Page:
New York — Like thousands of other American homeowners, you may be about to buy you first shipment of home heating oil for this coming winter. And like many people you may be surprised to find that the current price is not much higher -- maybe even a few cents lower, depending on you where you live -- than it was toward the end of last winter's heating season.
Unlike food and housing costs, which helped push consumer prices to the double-digit range last month, heating oil costs have remained relatively stable in recent months, according to the US Department of Energy (DOE); the National Oil Jobbers Council (NOIC), representing 8,000 oil suppliers; and analysts such as Warren Shimmerlik of Merrill Lynch, Pierce, Fenner & Smith Inc.
But while supplies are expected to remain abundant, barring an extremely harsh winter or some unforeseen change in the world oil situation, new doubts are being raised about the outlook for prices.
Most US oil refiners, even with supplies somewhat lower than they were this time last year, figure they can easily meet the demand of an unusually cold winter because of the added "safety catch" of being able to increase their refining capacity far beyond current levels.
At the same time, supplies of natural gas and propane also are plentiful, according to industry analysts.
Analysts are divided over how high the price of home heating oil will rise this winter. The range of predictions is somewhere between a low of 6 cents a gallon and a high of more than 20 cents a gallon. But one thing is certain, they say: The recent failure of OPEC (Organization of Petroleum Exporting Countries) oil ministers to agree on a uniform price hike will help hold down prices, at least until the next OPEC meeting in January. There is optimism, too , among some analysts that gasoline prices could even dip some more.
"We have distillate [home heating oil] coming out of our ears," said Donald F. Sands, general manager of operations for Amoco, describing the supply situation.
"There shouldn't be any problem with meeting demand from our standpoint," agreed Gerald Bradley, a spokesman for Gulf Oil Corporation in Houston.
"Barring any major disruption, supplies look adequate for this heating season ," added a Shell Oil Company spokesman, whose was echoed by an Exxon spokesman.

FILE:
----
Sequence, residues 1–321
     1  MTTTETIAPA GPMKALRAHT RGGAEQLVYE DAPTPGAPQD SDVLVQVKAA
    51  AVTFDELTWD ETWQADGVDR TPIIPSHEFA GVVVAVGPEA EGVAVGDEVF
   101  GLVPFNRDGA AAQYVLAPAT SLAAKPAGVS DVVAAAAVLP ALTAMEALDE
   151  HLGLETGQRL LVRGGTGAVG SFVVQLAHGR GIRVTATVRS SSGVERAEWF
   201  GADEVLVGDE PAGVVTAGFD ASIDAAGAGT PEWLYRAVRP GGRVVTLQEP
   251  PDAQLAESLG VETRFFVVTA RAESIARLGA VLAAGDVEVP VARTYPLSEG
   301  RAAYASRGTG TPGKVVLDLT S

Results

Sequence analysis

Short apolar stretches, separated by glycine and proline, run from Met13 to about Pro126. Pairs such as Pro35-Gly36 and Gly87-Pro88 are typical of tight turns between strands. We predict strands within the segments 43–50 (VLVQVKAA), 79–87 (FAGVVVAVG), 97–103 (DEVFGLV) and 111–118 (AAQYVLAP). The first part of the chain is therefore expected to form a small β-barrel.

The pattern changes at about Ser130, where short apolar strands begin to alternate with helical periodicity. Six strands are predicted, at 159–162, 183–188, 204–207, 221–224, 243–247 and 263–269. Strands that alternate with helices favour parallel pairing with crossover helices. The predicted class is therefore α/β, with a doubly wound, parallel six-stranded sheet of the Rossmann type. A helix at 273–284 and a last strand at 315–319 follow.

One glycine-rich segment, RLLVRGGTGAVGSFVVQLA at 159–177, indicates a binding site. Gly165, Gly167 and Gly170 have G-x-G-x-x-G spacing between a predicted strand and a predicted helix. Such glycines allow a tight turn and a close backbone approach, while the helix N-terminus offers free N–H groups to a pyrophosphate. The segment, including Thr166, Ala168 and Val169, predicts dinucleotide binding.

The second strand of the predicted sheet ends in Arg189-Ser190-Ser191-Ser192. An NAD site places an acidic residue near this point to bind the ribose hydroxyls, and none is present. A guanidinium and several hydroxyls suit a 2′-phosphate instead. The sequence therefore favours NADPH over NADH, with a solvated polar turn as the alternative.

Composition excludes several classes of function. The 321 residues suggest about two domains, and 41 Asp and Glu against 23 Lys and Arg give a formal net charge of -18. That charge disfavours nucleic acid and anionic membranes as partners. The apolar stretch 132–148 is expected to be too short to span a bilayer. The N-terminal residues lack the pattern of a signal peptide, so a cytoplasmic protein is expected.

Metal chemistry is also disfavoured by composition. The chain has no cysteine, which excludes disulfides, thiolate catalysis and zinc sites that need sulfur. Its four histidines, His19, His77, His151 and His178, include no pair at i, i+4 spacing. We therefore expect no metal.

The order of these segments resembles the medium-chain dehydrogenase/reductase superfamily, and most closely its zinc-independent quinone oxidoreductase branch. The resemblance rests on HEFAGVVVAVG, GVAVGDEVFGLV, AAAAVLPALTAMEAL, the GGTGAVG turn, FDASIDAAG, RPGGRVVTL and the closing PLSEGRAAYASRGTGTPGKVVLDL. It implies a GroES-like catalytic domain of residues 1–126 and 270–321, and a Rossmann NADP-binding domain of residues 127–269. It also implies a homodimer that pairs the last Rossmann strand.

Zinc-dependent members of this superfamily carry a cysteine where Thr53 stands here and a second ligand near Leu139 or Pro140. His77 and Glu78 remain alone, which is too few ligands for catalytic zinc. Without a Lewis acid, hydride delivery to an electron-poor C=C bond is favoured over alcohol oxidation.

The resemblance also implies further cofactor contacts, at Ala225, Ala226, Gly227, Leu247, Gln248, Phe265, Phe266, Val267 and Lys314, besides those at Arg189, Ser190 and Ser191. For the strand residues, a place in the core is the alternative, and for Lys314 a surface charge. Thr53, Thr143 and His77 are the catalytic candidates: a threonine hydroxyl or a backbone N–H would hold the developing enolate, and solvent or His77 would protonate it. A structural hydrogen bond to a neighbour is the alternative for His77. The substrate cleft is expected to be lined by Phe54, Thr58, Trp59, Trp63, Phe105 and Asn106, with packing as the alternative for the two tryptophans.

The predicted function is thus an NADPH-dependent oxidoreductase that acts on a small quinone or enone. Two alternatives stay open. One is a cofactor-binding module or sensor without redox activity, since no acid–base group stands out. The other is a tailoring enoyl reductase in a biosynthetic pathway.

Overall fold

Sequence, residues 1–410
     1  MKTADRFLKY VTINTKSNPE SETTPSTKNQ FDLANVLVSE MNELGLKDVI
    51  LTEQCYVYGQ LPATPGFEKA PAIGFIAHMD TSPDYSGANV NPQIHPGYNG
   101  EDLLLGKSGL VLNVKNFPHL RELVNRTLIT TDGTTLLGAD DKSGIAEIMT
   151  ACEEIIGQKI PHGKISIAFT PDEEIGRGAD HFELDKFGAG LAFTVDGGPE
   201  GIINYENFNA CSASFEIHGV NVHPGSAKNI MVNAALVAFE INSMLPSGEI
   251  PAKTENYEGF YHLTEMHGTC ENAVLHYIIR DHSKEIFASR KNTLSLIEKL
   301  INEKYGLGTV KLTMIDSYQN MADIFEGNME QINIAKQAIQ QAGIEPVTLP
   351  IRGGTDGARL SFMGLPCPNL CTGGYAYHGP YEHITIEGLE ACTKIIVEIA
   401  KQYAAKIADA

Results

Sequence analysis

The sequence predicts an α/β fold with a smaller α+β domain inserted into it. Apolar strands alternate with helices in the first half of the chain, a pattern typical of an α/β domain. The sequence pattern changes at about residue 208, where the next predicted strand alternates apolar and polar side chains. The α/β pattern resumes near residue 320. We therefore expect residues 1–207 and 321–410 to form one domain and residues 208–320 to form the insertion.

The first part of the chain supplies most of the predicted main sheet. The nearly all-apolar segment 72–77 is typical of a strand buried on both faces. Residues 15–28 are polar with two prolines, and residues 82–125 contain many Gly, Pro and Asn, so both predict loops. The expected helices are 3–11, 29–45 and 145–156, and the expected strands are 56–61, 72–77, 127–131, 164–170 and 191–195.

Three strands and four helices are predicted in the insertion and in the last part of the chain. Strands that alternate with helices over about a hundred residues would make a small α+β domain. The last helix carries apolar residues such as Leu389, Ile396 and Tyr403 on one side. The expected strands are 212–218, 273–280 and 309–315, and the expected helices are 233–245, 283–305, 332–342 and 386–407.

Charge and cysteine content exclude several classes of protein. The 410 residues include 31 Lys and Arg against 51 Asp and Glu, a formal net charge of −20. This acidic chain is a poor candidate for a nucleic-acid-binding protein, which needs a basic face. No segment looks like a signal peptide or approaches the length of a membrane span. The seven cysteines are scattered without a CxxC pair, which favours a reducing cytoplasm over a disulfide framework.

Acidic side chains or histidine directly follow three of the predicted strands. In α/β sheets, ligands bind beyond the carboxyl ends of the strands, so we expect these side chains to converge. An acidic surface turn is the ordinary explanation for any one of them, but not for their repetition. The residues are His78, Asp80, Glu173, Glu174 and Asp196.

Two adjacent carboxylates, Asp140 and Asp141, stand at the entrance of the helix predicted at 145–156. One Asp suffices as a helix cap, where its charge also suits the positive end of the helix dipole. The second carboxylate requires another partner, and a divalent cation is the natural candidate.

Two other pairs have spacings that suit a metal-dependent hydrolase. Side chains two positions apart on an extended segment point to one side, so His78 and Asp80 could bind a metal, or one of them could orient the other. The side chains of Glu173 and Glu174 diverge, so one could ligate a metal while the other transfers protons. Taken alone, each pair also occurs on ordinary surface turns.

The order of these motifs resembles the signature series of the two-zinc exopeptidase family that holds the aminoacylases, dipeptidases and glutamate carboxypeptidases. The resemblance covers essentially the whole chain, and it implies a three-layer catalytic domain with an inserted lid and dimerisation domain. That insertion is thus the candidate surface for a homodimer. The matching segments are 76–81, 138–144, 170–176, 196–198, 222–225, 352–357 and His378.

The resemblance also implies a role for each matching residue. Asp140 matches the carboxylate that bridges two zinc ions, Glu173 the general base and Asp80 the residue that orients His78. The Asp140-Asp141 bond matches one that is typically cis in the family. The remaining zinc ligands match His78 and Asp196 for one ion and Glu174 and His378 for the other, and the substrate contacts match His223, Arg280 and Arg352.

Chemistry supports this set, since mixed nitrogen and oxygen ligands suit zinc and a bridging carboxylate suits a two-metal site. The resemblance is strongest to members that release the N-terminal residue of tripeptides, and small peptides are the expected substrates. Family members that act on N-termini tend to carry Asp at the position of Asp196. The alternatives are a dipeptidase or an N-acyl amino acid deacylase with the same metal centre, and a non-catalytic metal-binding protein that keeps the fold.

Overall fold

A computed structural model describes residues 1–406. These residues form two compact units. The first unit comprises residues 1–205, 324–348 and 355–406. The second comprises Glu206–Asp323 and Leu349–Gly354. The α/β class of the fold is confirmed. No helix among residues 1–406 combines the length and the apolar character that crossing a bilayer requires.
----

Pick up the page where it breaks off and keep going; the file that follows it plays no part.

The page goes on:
"We don't anticipate any kinds of [supply] problems," offered David Morehead of the NOJC.
Howevever, Dr. William Skinner of DOE warned that there was always the possibly of spot shortages developing on a localized basis "especially if we have an extremely cold and early winter." It should be pointed out, he added, that spot shortages did develop in scattered parts of the nation during last January's extreme cold spell, although this was mainly a distribution as opposed to a supply problem, with normal deliveries curtailed.
In the immediate aftermath of the severe shortages of gasoline in the spring of 1979 -- shortages first attributed to the Iranian oil embargo but later to the DOE's own ineptitude -- the Carter administration set a national target of 240 million barrels of middle distillates to be on hand by Oct. 1, 1979. The oil industry easily surpassed this goal and reached almost 247 million barrels by the end of October.
This year, the DOE's most recent "fourth quarter" price forecast of the national average cost of a gallon of home heating oil ranges from a low of $1.22 cents to a high of $1.43. But Dr. Skinner, the technical expert within the department who helped draw up these figures, says his best estimate would be "closer to $1.28." This would be almost 7 cents higher than DOE's most recent figure (as of May) for the average national price.
Mr. Shimmerlik of Merrill Lynch says heating oil will probably rise a few cents in October and later "possibly as much as 5 cents," if the OPEC oil ministers raise oil prices in January as some analysts believe.
But even if he is right, these increases will not result in a price hike of nearly 10 cents a gallon like the one that happened from January to February of this year because of a OPEC price hike and the Reagan administration's decontrol of domestic crude oil.
One factor widely expected to help keep distillate oil prices "soft" is increased competition that may result from shifts of oil customers to cheaper gas heat.
However, there is some evidence that that fewer people may switch from oil to gas this year. A spokesman for Brooklyn Union Gas Company, the largest supplier of gas heat in New York City, says oil marketers have been using "scare tactics" to keep customers from switching, warning that gas prices will skyrocket if price decontrol legislation pending in Congress passes.